This article was sent to me via an email, and I'm sure it's circulating around the world via the net. Having said that, I feel it's SO worth featuring again the amazing, amazing work of this couple. I'm in awe of the detail in their work and yet there is my curious side that wonders what is in some people's makeup that inspires this type of creativity? What makes some so creative and others not so much? Hmmmm!
Here in their own words, is some of their thoughts and story.......
Sculptures of Native American scenes made out of paper by Allen and Patty Eckman
These stunningly detailed sculptures may only be made from paper - but they are being snapped up by art fans for tens of thousands of pounds. The intricate creations depict Native American scenes and took up to 11 months to make using a specially formulated paper.
Husband and wife team Allen and Patty Eckman put paper pulp into clay moulds and pressurize it to remove the water
The hard, lightweight pieces are then removed and the couple painstakingly add detailed finishing's with a wide range of tools
They have been making the creations since 1987 at their home studio, in South Dakota, America, and have racked up a whopping £3 million selling the works of art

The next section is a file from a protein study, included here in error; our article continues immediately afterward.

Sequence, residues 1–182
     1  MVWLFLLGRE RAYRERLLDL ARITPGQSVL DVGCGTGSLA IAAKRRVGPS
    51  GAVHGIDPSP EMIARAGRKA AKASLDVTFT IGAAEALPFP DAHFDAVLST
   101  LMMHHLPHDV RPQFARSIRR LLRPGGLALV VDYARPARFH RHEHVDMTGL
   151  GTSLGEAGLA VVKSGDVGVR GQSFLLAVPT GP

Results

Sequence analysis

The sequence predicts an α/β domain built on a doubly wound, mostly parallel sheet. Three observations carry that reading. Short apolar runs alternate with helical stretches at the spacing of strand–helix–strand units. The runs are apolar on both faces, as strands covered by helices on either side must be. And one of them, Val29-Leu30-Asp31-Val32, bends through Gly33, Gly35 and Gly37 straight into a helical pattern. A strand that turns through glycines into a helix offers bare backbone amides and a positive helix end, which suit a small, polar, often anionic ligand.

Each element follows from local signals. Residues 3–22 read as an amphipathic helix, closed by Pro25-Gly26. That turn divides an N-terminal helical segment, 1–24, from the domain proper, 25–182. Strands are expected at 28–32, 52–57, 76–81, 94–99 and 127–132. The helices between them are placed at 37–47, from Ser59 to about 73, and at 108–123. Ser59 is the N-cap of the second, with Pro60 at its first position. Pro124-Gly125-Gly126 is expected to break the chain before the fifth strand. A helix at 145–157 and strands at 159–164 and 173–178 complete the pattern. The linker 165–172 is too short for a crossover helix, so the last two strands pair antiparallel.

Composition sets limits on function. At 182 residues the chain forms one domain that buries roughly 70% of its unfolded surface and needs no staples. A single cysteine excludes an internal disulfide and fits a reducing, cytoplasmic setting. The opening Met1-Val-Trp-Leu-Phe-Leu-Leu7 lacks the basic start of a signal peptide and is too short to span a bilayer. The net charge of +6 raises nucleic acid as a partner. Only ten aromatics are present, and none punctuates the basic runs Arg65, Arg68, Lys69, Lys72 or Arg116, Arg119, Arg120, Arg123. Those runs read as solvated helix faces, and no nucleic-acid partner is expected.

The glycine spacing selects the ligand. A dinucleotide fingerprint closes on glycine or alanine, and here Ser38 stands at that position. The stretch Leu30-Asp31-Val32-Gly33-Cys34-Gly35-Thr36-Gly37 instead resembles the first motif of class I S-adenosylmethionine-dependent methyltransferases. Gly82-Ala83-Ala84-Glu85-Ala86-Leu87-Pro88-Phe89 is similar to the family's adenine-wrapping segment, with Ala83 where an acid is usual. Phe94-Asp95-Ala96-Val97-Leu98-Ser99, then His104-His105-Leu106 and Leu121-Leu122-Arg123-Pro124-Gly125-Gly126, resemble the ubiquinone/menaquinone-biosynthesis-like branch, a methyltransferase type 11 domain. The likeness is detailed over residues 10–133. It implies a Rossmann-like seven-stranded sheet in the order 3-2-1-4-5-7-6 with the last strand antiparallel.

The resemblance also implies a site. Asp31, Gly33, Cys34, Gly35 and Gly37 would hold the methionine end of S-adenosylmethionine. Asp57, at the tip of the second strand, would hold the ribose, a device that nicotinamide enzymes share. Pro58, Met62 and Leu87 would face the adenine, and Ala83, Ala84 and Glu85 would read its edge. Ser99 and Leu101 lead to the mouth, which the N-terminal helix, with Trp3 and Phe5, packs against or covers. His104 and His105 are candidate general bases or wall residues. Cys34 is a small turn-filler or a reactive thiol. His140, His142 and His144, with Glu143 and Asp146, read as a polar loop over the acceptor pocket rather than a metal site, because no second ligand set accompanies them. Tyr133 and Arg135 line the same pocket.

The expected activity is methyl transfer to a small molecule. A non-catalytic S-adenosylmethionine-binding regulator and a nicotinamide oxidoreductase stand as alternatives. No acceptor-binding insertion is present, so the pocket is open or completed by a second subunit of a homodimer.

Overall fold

The pieces depict traditional scenes from Native American history of Cherokees hunting and dancing
The most expensive piece is called Prairie Edge Powwow which sold for £47,000
Allen said: "We create Indians partly because my great, great grandmother was a Cherokee and my family on both sides admire the native Americans...
...I work on the men and animals and Patty does the women and children" explains Allen
"I enjoy most doing the detail. The paper really lends itself to unlimited detail. I'm really interested in the Indians' material, physical and spiritual culture and that whole period of our nation's history I find fascinating. From the western expansion, through the Civil War and beyond is of great interest to me."
Allen explained their technique: "It should not be confused with paper Mache. The two mediums are completely different. I call what we do 'cast paper sculpture'"
..."Some of them we create are life-size and some we scale down to 1/6 life-size"
"We transform them by sculpting on top of them - creating detail with soft and hard paper we make in various thicknesses and textures.
"We have really enjoyed the development of our fine art techniques over the years and have created a process that is worth sharing. There are many artists and sculptors who we believe will enjoy this medium as much as we have."